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The Inertia

Scott Barber is one tough dude. And he won’t tell you about it. So allow me: Last spring, we were filming in the Sierra backcountry and I got a front-row seat to Scott’s manliness as he packed a red camera and tripod up thousands of vertical feet, or gingerly slipped down steep faces into compromising positions to get shots, without saying a word. He may as well have been discussing the sports teams in his native New England as he skinned with that ridiculously-heavy pack – he was that casual.

I remember reaching a summit one day, feeling quite accomplished, and looking over to see Scott setting up a fifty-pound camera rig. I stared into my empty pack and gulped. That toughness was born of the trail, as you can bear witness in his latest project, High Country Caravan, where he completed a 30-odd mile traverse with one of my favorite crews in snowboarding, Truckee locals Jeremy Jones, Danny Davis, and Nick Russell. They teamed up with Kevin Pearce, who you may recall suffered a debilitating brain injury more than a decade ago when he was at the top of the halfpipe game. Nick Schneider was along as well.

I love the way these guys ride and the type of riding they do: searching out descents way off the beaten path. And spring riding in the Sierra combined with snow camping is the classic backcountry aficionados’ dream. But these guys weren’t really riding the classics. Scott gave me a quick recap on the trip with the release of the film this spring.

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So how’d the project come about?

It was a culmination of a few dream trips. I feel fortunate I sort of fell into it after doing a little backcountry filming and heavy pack lugging with Danny. Jeremy had been wanting to go on a split adventure with Kevin for quite some time after his injury. Second, Nick Russell and Jeremy had a lot of great adventures in the Sierras that winter and each time they topped a peak in the front range they got a look at all the possible lines. But to get back there it was either a single, massive day for one line or bringing all the gear and camping. There had been a lot of three-night missions but this was one of the first six-night missions to see if you could truly bring what you need for that much time in terrain that didn’t allow for sleds and without stashing (supplies) in advance.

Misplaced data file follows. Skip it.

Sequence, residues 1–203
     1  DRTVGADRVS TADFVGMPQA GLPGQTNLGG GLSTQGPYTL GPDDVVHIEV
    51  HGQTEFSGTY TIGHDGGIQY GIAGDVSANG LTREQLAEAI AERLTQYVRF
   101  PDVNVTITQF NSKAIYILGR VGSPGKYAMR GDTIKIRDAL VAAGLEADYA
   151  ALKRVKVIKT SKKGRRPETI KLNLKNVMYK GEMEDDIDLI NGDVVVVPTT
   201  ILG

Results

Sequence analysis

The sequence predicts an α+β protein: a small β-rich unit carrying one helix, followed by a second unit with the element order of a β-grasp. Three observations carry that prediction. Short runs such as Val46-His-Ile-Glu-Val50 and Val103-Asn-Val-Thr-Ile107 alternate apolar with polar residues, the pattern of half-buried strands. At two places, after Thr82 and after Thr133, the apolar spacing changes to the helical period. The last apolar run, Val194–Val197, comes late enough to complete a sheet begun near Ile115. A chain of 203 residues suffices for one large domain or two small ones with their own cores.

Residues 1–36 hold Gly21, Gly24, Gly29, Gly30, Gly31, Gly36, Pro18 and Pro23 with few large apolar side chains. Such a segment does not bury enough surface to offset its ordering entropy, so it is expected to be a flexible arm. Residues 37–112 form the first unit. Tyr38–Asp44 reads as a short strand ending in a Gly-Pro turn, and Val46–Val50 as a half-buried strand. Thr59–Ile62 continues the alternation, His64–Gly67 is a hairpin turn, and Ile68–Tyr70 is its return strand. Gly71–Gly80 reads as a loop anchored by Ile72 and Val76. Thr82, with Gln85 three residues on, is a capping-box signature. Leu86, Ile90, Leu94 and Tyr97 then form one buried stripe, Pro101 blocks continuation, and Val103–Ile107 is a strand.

Can you describe the actual logistics of the trip? The route?

To be honest I wasn’t really involved in the planning process all that much. We did about a 30-mile traverse into, up and out of the range and the guys summited and shredded many lines over the route. We had three camps, all of which were incredible. Our high camp, in particular, was so gorgeous, out and open to the mountains and stars.